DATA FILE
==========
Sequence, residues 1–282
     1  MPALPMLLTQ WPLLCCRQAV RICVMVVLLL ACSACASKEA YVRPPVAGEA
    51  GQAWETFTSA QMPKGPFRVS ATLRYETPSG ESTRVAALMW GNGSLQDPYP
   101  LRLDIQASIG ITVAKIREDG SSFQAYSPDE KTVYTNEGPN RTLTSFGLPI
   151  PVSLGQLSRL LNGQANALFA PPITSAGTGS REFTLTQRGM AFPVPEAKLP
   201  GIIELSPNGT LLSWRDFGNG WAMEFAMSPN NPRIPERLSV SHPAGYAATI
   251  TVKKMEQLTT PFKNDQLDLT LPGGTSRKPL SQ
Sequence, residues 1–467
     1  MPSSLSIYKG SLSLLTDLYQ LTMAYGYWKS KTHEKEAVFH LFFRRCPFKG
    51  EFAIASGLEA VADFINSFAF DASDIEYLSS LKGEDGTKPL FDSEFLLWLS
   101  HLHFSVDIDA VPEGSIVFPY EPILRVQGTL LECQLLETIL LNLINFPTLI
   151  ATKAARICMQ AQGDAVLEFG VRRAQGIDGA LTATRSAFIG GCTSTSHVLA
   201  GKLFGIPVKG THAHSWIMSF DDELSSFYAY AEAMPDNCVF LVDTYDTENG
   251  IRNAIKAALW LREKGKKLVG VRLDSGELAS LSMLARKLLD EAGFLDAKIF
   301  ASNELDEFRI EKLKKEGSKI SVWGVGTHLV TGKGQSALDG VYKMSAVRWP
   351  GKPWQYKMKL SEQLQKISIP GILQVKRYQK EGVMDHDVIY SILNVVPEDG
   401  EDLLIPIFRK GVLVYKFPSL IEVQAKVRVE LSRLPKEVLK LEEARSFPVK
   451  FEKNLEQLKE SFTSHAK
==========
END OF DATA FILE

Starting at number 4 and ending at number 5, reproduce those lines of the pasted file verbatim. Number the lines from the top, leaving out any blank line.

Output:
   101  LRLDIQASIG ITVAKIREDG SSFQAYSPDE KTVYTNEGPN RTLTSFGLPI
   151  PVSLGQLSRL LNGQANALFA PPITSAGTGS REFTLTQRGM AFPVPEAKLP